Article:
Understanding how plate tectonics works on Earth lies not only in the description of the plate motions back in time (Seton et al., 2012) but also in the comprehension of plate topology itself. Today, the link between plate tectonics and mantle dynamics is acknowledged but we still don't know which parameters control plate tectonics topology and how. Plate reconstructions of Earth's are static snapshots that do not allow the evaluation of the forces within the lithosphere and the mantle. In contrary, mantle convection models give access to a complete survey of data: velocities, viscosity and heat flow for instance. Hence we use a new approach: we apply plate tectonics theory at the surface of 3D spherical convection models producing self-consistently plate-like behavior. First, we build convection models using StagYY (Tackley, 2008) with different strength of the lithosphere. Then, we use the Gplates software to interpret the surface tectonics of our models to obtain tectonic plates. It is hence possible to extract the number, the size, and the velocities of plates. The results show a decrease of the plate number and plate velocities when lithosphere strength increases. The distribution of the size of plates is consistent with the observed repartition on Earth (Morra et al., 2013). Plates can be divided into two subsets, the smaller and the larger plates. The occurrence of the two groups are explained considering two origins for the morphologies of plates: (1) the large plates reflect the influence of the large scale mantle flow; (2) the smaller show the accomodation of the deformation by fragmentation. Indeed, we found that the smaller plates are located around the subduction zones and allow to accommodate relaxation of stresses and small scale flow in the vicinity of slabs.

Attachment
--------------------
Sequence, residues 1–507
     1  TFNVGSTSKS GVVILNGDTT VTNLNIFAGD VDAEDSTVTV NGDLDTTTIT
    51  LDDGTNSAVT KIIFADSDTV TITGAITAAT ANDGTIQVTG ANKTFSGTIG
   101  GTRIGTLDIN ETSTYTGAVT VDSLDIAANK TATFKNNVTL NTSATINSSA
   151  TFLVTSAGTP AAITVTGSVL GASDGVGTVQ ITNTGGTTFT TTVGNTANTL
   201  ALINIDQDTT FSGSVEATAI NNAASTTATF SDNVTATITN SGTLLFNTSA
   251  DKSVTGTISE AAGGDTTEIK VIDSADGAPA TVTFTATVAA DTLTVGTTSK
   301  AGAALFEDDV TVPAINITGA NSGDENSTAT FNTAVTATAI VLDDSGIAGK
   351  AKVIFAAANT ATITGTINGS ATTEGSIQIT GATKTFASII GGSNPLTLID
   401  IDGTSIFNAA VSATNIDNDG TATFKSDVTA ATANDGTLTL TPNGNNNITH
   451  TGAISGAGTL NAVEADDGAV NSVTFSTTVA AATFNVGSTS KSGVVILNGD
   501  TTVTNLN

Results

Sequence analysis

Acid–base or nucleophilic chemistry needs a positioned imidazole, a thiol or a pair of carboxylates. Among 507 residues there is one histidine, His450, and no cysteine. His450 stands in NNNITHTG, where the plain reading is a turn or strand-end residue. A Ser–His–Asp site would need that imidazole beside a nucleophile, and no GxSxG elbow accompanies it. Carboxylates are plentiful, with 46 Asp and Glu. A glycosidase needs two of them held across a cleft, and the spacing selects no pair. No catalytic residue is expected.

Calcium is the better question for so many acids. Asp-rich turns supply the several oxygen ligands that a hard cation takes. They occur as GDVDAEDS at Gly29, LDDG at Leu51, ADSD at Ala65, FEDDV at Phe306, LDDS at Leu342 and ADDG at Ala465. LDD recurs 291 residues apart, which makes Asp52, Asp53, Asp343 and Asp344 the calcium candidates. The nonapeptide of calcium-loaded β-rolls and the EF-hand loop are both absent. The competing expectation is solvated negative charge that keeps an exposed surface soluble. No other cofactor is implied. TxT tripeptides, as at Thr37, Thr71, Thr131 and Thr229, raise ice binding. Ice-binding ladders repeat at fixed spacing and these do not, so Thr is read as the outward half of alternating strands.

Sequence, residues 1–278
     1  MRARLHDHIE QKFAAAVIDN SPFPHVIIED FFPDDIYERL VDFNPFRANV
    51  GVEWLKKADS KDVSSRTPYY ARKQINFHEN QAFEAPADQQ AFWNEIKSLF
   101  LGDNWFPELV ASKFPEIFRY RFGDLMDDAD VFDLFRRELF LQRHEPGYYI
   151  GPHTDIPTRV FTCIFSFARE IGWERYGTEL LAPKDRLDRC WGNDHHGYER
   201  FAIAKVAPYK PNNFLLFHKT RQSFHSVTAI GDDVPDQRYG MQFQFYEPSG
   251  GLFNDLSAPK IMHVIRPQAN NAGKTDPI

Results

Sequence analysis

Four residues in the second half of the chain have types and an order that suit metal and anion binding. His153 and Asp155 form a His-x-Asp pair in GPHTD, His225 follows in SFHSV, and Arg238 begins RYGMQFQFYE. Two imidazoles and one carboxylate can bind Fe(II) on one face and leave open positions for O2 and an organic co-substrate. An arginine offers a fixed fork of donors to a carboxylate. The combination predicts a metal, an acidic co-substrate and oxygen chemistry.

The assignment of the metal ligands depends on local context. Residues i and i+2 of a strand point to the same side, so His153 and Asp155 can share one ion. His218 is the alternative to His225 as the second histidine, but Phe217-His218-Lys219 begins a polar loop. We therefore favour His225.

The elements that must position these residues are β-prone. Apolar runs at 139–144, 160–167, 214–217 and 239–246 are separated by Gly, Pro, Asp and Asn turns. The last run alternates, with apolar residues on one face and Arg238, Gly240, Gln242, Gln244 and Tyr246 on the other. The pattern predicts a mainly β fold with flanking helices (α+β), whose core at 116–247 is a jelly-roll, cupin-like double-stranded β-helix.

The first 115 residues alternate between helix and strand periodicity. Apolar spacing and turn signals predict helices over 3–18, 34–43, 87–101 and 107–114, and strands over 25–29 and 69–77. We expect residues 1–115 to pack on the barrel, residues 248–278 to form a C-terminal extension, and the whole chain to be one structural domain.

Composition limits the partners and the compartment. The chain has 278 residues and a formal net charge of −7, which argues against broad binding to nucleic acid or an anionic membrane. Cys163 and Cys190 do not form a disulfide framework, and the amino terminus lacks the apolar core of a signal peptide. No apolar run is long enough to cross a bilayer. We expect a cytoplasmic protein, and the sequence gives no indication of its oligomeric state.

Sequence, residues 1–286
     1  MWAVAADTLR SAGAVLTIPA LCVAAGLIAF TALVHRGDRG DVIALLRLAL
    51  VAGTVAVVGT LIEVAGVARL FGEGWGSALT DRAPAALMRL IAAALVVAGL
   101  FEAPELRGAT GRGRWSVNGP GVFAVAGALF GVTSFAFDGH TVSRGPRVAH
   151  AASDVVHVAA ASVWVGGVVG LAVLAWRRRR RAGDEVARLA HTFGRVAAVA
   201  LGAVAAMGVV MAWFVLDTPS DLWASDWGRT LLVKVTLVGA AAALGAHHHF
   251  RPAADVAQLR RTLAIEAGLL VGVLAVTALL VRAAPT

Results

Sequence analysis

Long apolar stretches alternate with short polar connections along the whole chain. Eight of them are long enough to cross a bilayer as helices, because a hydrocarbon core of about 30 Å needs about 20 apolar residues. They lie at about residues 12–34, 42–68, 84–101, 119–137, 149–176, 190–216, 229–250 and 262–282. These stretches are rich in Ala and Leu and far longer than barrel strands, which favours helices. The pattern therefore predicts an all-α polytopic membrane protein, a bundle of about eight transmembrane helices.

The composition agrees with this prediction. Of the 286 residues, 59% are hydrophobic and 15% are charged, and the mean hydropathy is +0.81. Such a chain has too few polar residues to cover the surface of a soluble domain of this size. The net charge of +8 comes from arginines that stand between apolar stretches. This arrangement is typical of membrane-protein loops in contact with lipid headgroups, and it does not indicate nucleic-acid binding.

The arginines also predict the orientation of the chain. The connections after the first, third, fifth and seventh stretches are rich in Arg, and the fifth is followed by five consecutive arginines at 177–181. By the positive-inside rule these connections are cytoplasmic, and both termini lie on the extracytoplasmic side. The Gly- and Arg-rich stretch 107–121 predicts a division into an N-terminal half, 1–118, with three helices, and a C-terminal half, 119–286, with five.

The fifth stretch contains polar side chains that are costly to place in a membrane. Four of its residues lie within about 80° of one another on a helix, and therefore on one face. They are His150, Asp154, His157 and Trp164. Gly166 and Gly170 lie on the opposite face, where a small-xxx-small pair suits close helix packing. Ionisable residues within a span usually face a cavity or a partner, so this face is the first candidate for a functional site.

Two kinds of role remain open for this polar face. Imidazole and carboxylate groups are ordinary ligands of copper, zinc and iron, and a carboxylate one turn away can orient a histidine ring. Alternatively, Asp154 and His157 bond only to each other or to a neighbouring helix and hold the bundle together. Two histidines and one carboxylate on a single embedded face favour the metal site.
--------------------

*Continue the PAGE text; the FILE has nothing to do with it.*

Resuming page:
EGU General Assembly Conference Abstracts
- Pub Date:
- April 2015